Of the Coming of WEB Du Bois

Author’s note: This part of my unpublished 2002 essay, “Not the Subject but the Premise: Postcards from the Edge of Du Bois’ Black Belt,”  is reproduced here for comment and as fodder in the body of work upon which I am drawing for my sabbatical project. I consider it to be a failed work with some useful nuggets.

WEB Du Bois clearly understood that journalistic portrayals of African Americans were drenched in racism, and that black journalists had an obligation to serve as ”the voices of the black nation.” In a 1943 article, he argued that black journalists were needed because,

“The American press in the past almost entirely ignored Negroes. Very little of what Negroes wanted to know about themselves, their group action, and their relationship to public occurrences to their interests was treated by the press. Then came the time when the American press so far as the Negro was concerned was interested in the Negro as minstrel, a joke, a subject of caricature. He became, in time, an awful example of democracy gone wrong, of crimes and various monstrous acts.” (Franklin)

In “Of the Black Belt,” Du Bois is a tour guide leading us into the real South behind the bougainvillea-and-mint-julep facade. From the beginning, we know that our guide is black  – we are reminded that we must travel in the Jim Crow car. The stage is set by a panoramic view of the region’s geography (“the stretch of pines and clay”) and history – from the time of the De Soto and the conquistadors, to “where Sam Hose was crucified.”(Du Bois, 103)

That Du Bois was playing to a white readership is also clear — at various points, he assumes his imaginary white reader’s point of view, and then carefully challenges what he sees as commonly held misconceptions. His challenges must be framed carefully for several reasons: they must conform to his evidence; he can not stray too far beyond his own Victorian sensibilities and finally, an intemperate tone risks not only alienating his white readers, but could precipitate racial violence.

The titles and epigrams of the two chapters are noteworthy for their ironic allusions. According to David Blight, The Black Belt referred both to the density of its black population and to Booker T. Washington’s description of its rich dark soil. (Du Bois, 208) While it would have been common to think of a black region as something evil and forbidding, Du Bois opens with haunting lines from the Song of Solomon: I am black but comely, O ye daughters of Jerusalem –“[italics mine]. (Du Bois, 103.) Du Bois’ use of the phrase also connotes a belt holds together the economies of the North and South, the past and the present.

Of the Quest of the Golden Fleece” borrows its title from the myth of Jason, who sets out in search of a golden ram’s fleece that he believes belongs to his family. Du Bois may be suggesting that those who are striving for a share of the region’s wealth – whether dispossessed plantation owner, Northern investor, or struggling black peasant – is seeking, against great odds, to recover what each sees as a birthright. However, because poetic dissection of the region’s economy gives particular attention to the grinding exploitation and racist belief system that spawned and sustained sharecropping and peonage, it is clear that to Du Bois’ thinking, the black peasantry is the heir denied.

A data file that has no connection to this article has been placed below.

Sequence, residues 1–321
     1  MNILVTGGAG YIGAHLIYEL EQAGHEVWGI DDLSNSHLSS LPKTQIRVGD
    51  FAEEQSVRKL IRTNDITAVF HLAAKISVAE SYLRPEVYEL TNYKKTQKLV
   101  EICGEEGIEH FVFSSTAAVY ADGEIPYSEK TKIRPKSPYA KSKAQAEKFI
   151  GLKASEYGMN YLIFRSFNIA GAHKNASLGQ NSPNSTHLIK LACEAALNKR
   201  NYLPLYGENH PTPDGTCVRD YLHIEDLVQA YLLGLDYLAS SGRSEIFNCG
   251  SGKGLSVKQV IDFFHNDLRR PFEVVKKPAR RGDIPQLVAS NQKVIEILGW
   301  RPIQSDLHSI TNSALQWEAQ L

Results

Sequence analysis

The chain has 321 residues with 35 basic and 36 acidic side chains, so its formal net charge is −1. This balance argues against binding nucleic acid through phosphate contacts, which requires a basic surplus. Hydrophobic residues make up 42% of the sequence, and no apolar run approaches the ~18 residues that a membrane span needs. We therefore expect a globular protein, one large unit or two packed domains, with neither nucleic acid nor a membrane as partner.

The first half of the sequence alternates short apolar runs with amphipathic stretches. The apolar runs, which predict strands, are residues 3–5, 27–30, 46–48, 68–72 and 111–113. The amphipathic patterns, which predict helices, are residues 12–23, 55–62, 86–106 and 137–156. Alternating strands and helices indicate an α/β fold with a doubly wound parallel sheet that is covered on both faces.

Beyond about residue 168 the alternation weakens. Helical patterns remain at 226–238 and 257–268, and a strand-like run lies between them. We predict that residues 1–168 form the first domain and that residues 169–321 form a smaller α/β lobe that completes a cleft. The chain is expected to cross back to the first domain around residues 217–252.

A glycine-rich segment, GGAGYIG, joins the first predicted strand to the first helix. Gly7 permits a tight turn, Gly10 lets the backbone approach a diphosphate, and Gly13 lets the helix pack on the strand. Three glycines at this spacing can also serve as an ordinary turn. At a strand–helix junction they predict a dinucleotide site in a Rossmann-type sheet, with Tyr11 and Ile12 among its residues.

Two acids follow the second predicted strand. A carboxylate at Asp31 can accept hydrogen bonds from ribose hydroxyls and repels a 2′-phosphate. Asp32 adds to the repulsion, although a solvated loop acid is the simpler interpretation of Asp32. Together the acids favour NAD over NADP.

For Du Bois, Dougherty County  —  “The Egypt of the Confederacy” –is representative of life throughout the “New South” of that day, “from Carolina to Texas across that Black and human sea. ” (Du Bois, 117) At the dawn of the last century, Dougherty County was a faded jewel in the crown of King Cotton – “the shadow of a marvelous dream.” (Du Bois, 107) It was a land of deserted plantations with nameless Northern owners, of dogged black farmers and desolate white widows, of families broken by death, desertion, desperation and despair. Cotton prices had been falling steadily during the last 40 years of the 19th century. Natural disasters, racism and economic strife fomented lynching, demagoguery and mass emigration to southern port cities and northern factory towns.

Implicitly, Du Bois’ compact and comprehensive description rebutted the dominant racial mythology of the period. This was the period in American history now known as the Nadir; in those days, it was commonly referred to as the Redemption. Jim Crow segregation was becoming entrenched, both in law and custom. Mainstream academic, popular and religious discourse characterized blacks as “beasts” (Carroll) who had contributed nothing to civilization (Hegel) and who could never be more than “half-devil and half-child.” (Kipling) No less an authority than New Jersey governor, future president and renowned historian Woodrow Wilson had portrayed the Civil War as a tragic fight between white brothers, and the Confederacy had become known as the noble Lost Cause. (Griffith)